The Great Waveguide Shootout
Objective Tests / Measurements of Various Horns and Waveguides
This project was started in 2013, then nearly abandoned for several years and finally restarted last year (2021). The idea is to test and provide various measurements on a wide range of waveguide and horn designs making it easier to understand the relative performance of each.
Initially I will focus on measuring directivity behavior of the various waveguides providing on/off axis frequency response, normalized plots and polar sonograms for the vertical and horizontal axis. In the future the project may be expanded to include a closer look at different compression drivers (response/sensitivity/distortion/compression) on the more popular horns and waveguides.
There will be a lot to measure so the tests and data will likely come in and be uploaded here slowly. Updates when more data has been added will likely be posted to the original forum thread. Link to the original thread on AVS Forum here.
The Original Test Rig
The initial project hit a snag early on with the initial testing rig providing troublesome measurement data, reflections from the rotating mic boom & baffle edge diffraction issues towards 90 degrees. It was also so large and cumbersome to setup that the whole idea was abandoned for several years. Recently I had an idea for a much simpler more compact test rig that is adjustable making it easier to mount and test waveguides of various shapes and sizes and so the project was restarted.
The New Test Rig
The new setup is a simple structure of 2020 aluminum that allows easy adjustment the width of the rig to conform to the waveguide being tested (no longer the need to make baffles for every waveguide). The smaller size and vertical orientation allows it to be used indoors which is a huge plus as measurements can be taken easily without waiting for the weather to be cooperative.
I made large roundovers out of cut down sonotube mounted to the sides and covered in egg-crate foam in order to minimize reflections and edge diffraction. Though it is evolving as the modular nature makes it easy to change out sections as needed. So far the measurements are clean with minimal diffraction ripples out to 90 degrees which is what I was shooting for. This allows the measurements to be posted without the heavy smoothing often seen on polar plots for various waveguides or horns.
During the planning stage before restarting the measurements I was able to design a small controller using an Arduino and stepper motor to remotely control the rotation of the turntable. This ended up being a huge time saver not having to manually move the turntable during testing and makes the rotation more accurate and consistent as well.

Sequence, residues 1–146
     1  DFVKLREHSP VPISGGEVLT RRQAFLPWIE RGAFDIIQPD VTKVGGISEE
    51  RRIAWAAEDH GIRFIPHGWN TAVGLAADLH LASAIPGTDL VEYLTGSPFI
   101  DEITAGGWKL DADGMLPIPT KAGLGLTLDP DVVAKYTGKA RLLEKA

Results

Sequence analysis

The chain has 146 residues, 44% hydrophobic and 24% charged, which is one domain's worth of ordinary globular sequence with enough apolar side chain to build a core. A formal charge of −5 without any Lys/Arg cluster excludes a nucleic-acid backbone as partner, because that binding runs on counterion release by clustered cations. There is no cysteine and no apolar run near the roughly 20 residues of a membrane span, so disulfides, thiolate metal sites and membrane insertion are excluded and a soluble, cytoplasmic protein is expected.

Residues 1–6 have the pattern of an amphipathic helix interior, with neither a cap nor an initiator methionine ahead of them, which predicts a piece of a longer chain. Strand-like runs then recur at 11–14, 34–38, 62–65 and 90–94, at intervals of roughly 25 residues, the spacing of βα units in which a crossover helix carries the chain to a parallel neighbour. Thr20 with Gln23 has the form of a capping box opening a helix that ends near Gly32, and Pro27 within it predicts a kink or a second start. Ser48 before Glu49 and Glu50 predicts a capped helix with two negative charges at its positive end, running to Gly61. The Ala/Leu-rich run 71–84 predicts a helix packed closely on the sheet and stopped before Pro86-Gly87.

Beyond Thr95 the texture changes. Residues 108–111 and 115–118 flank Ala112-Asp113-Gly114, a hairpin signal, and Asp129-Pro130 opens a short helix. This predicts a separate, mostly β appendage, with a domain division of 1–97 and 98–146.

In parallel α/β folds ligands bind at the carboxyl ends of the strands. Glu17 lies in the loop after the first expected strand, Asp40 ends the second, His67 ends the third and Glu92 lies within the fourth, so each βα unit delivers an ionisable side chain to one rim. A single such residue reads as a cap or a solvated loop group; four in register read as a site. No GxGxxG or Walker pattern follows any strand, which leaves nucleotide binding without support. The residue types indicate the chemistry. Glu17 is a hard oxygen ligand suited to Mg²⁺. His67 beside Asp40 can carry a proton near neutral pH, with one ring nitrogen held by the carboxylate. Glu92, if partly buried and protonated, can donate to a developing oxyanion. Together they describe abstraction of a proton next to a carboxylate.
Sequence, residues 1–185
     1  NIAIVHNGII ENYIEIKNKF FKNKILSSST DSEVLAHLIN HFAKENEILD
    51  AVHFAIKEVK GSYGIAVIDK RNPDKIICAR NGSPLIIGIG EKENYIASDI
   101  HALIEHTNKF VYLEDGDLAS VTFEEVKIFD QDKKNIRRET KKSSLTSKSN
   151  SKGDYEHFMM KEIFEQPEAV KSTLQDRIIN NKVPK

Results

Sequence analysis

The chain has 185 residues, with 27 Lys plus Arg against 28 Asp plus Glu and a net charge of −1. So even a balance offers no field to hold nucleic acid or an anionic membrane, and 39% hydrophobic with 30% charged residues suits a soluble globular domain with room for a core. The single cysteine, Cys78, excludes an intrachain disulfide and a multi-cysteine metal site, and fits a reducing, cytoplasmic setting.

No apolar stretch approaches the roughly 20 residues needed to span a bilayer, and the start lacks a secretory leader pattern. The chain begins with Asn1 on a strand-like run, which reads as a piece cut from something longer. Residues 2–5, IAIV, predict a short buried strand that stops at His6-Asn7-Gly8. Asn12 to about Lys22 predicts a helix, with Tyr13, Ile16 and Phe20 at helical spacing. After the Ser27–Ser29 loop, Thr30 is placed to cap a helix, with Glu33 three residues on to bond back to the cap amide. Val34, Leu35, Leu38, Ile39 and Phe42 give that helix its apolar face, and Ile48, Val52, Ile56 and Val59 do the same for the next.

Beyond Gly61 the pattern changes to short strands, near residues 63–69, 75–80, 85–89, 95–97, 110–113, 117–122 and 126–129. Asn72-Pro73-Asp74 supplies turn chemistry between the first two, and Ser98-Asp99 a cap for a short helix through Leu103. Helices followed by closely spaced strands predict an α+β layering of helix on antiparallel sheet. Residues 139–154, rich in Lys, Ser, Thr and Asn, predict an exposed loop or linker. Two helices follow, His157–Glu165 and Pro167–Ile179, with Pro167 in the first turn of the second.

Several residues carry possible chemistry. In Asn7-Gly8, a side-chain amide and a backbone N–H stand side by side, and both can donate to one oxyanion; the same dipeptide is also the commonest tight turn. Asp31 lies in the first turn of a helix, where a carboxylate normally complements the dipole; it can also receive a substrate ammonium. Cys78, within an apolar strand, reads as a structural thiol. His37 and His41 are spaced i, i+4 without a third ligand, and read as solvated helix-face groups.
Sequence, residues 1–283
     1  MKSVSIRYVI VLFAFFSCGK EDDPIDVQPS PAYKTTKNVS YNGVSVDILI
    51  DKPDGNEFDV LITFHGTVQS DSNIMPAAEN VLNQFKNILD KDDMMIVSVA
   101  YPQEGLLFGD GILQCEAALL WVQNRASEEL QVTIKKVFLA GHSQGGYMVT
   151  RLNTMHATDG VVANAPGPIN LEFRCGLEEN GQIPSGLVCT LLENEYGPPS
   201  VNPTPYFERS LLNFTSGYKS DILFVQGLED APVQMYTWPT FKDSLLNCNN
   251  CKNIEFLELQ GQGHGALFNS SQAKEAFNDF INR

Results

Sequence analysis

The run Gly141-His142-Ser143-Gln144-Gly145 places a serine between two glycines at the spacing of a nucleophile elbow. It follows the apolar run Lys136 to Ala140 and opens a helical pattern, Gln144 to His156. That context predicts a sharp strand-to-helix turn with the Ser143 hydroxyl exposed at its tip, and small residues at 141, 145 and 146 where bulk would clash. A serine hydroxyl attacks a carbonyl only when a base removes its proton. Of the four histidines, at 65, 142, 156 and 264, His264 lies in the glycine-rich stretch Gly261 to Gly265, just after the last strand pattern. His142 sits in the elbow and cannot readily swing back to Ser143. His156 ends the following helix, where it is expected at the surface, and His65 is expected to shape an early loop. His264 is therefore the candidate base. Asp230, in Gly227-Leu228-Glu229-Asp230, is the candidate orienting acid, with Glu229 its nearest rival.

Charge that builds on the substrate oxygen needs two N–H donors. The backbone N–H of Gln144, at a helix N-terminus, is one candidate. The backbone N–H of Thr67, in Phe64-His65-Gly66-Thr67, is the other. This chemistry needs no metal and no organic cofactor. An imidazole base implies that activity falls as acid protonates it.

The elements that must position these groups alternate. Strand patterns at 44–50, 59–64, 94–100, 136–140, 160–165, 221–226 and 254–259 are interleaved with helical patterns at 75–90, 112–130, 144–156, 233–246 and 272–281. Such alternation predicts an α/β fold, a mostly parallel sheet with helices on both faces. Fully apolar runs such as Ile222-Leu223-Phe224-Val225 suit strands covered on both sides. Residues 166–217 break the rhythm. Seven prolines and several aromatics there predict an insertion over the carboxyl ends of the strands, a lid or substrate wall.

Testing has paused as I noticed an issue with elevated 2nd harmonic distortion measurements from my UMIK-1. After ordering two new MiniDSP mics (another CSL Calibrated UMIK-1 and a new UMIK-2 from MiniDSP) I've found they all have issues with elevated 2nd harmonic distortion generated from either the capsule or built in preamp at SPL levels well below their rating (seeing a rise at SPL levels as low as 90dB) making them unsuitable for distortion testing.
My older UMM-6 does not exhibit this same behavior and I was able to create a new calibration file for it testing it against one of the CSL calibrated UMIK-1's so the waveguide measurements may resume soon using that mic.
In the mean time I have removed all the distortion measurements as they are inaccurate.
Expecting to resume measurements in the coming months, my new Earthworks M23 will be used for testing which does not suffer from distortion issues at high SPL.
Loads more waveguides/horns and compression drivers have been acquired. I'll focus on directivity/polars of the various waveguides first then testing of the compression drivers on the more popular waveguides.
Sidetracked for longer then expected but I'm finally back at it. I will progress with the threaded waveguides then move onto the 1" bolt on when those are complete. I'll be slowly adding the measurements as I take them and create/upload the graphs.
I was going to try and use the Celestion CDX1-1731 for the remaining threaded waveguides. However I've found the diameter of threads on the Celestion drivers are slightly larger then average which means it doesn't always thread into every waveguide, in the case it doesn't fit the Blast King driver will be used instead.
I've also switched to using VituixCAD to generate the off axis graphs/polars as it's much easier to import the data and generate the graphs and to do so at a consistent scale. I'll try to update the few older graphs when I get a chance so everything matches.
Horn and Waveguide Tests:
Notes - I tried to be consistent and use a single compression driver for all the waveguides however the compression driver I choose for that, the Celestion CDX1-1731 did not thread into all the 1-3/8-18 TPI horns, in that case a Blast King compression driver was used instead.
The CDX1-1731 is also used for the bolt-on horns mounted with a flangeless adapter. The 1-3/8"-18 TPI CDX1-1731 also has the same exit geometry as its bolt on sibling the CDX1-1730 and the two should theoretically be interchangeable on those horns.
The directivity performance in the very high frequencies will be dependent on the compression driver used and it's exit geometry. This occurs above ~12-13 kHz on 1" horns, above 8-9 Khz for 1.4" horns and even lower for 2" horns.